This is another new byline for me, but the thematic subject matter is something I am quite familiar with!

  • 20A [Have things finally go one’s way] CATCH A BREAK
  • 36A [Mosquito-borne disease] YELLOW FEVER
  • 42A [Engage in hard-nosed negotiations] PLAY CHICKEN – This is not what this means, at least not how it’s used in the Midwest. Just my opinion!
  • 56A [Make an annual clock adjustment … and what the end of 20-, 36-, and 42-Across may literally have] SPRING AHEAD

We all all familiar with the terms spring break, spring fever, and spring chicken. As mentioned above, when someone is “playing chicken” I get a connotation that they are seeing who will blink first, which I suppose IS a business tactic, but I have never seen it used in that sense. Perhaps it is just me!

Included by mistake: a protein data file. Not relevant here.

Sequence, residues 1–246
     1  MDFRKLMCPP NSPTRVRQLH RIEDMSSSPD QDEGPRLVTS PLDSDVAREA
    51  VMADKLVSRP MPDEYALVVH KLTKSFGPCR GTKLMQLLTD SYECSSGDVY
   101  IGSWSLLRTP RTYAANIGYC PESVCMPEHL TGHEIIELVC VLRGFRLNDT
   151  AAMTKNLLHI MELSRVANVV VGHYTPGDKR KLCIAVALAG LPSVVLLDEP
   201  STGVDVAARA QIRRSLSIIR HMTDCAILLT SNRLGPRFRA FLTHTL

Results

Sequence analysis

Around these parts (north central Indiana), Daylight Savings Time is still a sore subject. A whole couple of generations grew up without it, so when there was a push to start implementing it again, there was stauch feedback. But understand: Indiana just two days ago reinstituted Sunday alcohol sales after 200 years, so change is not something Hoosiers accept well AT ALL. (I can speak freely about Hoosiers, since I am from Illinois!). This them is also quite timely, as the clocks do indeed spring forward this coming Saturday night/Sunday morning. As is usually the case, I have to get up early this coming Sunday, so the loss of an hour of sleep will be more acutely felt! A nice puzzle by Bill, though. A solid 4.2 stars.

A few notes: